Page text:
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Douglas Weeks, the Converse College professor who spends summers chairing the piano program at the Brevard Music Center, began the evening by playing “Harmonies du Soir” from Franz Liszt’s Transcendental Etudes. He then became the Master of Ceremonies, introducing three students and four other faculty members who took part in this program observing the two hundredth birthday of Liszt. The concert, at the Porter Center of Brevard College, was this year’s Steinway Gala, and in attendance was Ron Losby, President, Steinway & Sons – Americas, who made some brief comments, quoting Victor Hugo that “music expresses that which cannot be said and on which it is impossible to be silent.”
Weeks commented that several Brevard Music Center teachers had a direct lineage to Liszt. For example, Franz Liszt taught Theodore Ritter who taught Isidor Philipp who taught Beveridge Webster who taught Craig Nies, thus making Nies a fourth generation heir to the Liszt tradition. That got me researching my four major piano teachers. I, too, am a fourth generation heir, not once but four times over. I am descended from Liszt students Artur Schnabel, Carl Tausig and Ferruccio Busoni (twice) through Leon Fleisher, Oscar Beringer, Rudolf Ganz, and Egon Petri. Somehow, however, my piano technique doesn’t stack up with that of my antecedents; I am a weak link in the chain. But the Brevard performers, both faculty and students, showed no weakness whatever. They were all fitting heirs to Franz Liszt.
The first of the evening’s student performers, Gianne Zhu, studies at Peabody Conservatory. “Le Jeux d’Eau a la Villa d’Este” from Années de pèlerinage is written in six sharps, requiring the pianist to skate over the black keys through much of the piece. Showing delicacy, power and beautiful shaping, Ms. Zhu set the tone for the evening. We were in for broad swaths of romanticism, a feast of tonal color.
If I were forced to choose a high point of the evening, it would be Samuel Gingher playing “Après une lecture de Dante: Fantasia Quasi Sonata,” also from Années de pèlerinage. The Steinway “accelerated action” proved its mettle, delivering the many rapidly repeated grace notes of this piece with great clarity. Mr. Gingher, who is now a doctoral student at the University of Illinois, showed mastery of the “marcatissimo” staccato octaves that drive this work forward, but never subordinated his sense of shape to a display of technique. This was a stunning performance.
Faculty member Sandra Wright Shen completed the first half of the program with Etude No. 6 in A minor from Grandes études de Paganini. This is a set of variations on the Paganini theme that we know better from Rachmaninoff’s later use for piano and orchestra.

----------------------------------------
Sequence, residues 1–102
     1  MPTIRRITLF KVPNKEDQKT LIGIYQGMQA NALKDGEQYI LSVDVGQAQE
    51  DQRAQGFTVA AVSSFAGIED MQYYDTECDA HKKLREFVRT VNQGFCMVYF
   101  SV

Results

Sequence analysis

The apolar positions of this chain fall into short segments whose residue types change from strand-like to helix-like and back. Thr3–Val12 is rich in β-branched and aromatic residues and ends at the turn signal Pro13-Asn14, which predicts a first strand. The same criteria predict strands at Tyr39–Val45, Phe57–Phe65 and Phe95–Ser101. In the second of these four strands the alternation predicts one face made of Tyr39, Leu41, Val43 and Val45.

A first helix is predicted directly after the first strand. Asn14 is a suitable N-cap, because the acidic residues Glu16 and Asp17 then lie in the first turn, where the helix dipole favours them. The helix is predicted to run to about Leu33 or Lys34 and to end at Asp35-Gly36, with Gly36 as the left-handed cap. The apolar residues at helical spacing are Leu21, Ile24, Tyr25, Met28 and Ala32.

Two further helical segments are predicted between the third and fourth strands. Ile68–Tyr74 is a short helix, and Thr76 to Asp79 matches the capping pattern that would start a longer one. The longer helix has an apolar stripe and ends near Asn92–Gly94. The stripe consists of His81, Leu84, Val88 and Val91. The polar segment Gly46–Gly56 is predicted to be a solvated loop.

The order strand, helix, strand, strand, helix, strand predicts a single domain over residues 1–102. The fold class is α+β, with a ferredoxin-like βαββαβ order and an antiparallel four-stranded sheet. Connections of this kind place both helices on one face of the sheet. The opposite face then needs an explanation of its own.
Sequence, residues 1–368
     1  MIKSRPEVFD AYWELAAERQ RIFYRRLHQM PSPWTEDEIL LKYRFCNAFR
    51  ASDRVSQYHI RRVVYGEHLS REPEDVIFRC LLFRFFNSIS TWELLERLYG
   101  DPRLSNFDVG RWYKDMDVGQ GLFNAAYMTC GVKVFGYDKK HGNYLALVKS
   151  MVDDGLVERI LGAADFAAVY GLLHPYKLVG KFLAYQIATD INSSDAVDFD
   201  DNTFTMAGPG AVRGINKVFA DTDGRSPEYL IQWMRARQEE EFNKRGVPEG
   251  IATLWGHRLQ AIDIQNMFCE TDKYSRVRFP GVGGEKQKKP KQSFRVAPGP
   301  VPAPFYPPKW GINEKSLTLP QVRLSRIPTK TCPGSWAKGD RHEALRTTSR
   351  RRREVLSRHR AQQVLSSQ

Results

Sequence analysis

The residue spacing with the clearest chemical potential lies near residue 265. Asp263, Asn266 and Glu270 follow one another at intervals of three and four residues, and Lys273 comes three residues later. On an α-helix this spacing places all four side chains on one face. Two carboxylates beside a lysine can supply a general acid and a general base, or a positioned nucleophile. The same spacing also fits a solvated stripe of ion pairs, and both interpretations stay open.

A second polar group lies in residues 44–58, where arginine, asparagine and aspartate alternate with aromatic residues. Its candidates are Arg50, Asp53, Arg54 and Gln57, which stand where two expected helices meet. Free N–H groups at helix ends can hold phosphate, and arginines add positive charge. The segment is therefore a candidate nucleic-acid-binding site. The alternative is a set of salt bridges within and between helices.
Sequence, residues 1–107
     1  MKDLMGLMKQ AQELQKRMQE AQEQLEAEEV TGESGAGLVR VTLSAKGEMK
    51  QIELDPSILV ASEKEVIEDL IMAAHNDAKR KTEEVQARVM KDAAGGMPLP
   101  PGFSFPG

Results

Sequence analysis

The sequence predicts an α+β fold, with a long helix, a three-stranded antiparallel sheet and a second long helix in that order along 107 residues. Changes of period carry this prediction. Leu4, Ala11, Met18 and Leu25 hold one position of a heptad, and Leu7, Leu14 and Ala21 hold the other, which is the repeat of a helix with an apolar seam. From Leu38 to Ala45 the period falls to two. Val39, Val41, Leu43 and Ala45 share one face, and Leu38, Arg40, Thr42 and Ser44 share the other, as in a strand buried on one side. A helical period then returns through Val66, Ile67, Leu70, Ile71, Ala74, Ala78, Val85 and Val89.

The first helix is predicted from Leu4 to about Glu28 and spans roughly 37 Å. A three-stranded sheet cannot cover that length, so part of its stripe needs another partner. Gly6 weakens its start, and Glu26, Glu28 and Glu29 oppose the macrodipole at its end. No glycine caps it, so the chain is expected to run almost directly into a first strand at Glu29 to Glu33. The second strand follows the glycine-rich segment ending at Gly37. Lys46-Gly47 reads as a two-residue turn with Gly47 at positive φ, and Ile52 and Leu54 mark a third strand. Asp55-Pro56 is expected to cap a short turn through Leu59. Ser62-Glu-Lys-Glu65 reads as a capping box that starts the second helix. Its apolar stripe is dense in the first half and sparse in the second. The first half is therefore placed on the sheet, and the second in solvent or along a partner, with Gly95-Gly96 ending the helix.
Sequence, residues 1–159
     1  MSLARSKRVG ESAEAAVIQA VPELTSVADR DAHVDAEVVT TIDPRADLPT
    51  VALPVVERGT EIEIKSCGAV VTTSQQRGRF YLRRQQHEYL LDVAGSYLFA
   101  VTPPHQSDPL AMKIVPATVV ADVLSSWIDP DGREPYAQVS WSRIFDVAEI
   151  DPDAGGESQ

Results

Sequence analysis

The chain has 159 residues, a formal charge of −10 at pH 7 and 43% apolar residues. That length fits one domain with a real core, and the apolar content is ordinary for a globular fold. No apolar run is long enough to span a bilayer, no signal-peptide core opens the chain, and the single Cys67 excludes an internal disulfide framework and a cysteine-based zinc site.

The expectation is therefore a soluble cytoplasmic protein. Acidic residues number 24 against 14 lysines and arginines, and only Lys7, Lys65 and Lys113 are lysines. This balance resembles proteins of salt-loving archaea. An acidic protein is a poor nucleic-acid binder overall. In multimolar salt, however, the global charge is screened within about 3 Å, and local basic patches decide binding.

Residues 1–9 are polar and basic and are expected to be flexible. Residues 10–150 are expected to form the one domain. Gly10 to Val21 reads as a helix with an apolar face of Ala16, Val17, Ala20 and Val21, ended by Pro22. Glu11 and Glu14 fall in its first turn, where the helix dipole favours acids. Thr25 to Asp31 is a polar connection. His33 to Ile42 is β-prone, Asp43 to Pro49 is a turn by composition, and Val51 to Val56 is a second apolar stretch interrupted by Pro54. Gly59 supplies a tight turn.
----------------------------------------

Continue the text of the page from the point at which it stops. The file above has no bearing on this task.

The third student performer of the evening (all three being the survivors of a selection process from a much larger number of candidates asking to play) was Lisa Iwaki from the Manhattan School of Music. She played one of the many operatic reflections that Liszt used to wow his audiences with, in this case “Paraphrase de concert sur Rigoletto (Verdi).” Iwaki phrased this work in a manner that evoked the sound of the original opera. Liszt was capable of using the power of the piano in a profoundly instrumental manner but also of using the delicacy of the piano in a profoundly vocal manner.
A curiosity came next. Liszt composed music for “melodramas” wherein spoken poetry was accompanied by episodic piano mood music. Faculty members Margaret Cusack, reciter, and Deloise Lima, piano, presented “The Dead Poet’s Love,” a Hungarian poem that involved a ghost who couldn’t find the right skull night after night for twenty years, but kept visiting his widow anyway asking her to join him in the grave. A weird Gothic horror tale.
Concluding the program was faculty member Craig Nies with “Sposalizio” (again from Années de pèlerinage) and “Wilde Jagd” (another of the Transcendental Etudes). The first piece is a reflection on a Raphael painting of the Virgin Mary, while the second depicts a “Wild Hunt.” The pairing was most fitting, allowing Nies to demonstrate great delicacy in the first and contrasting abandon in the second. Liszt knew all the colors of the spectrum, and this concert demonstrated that fact.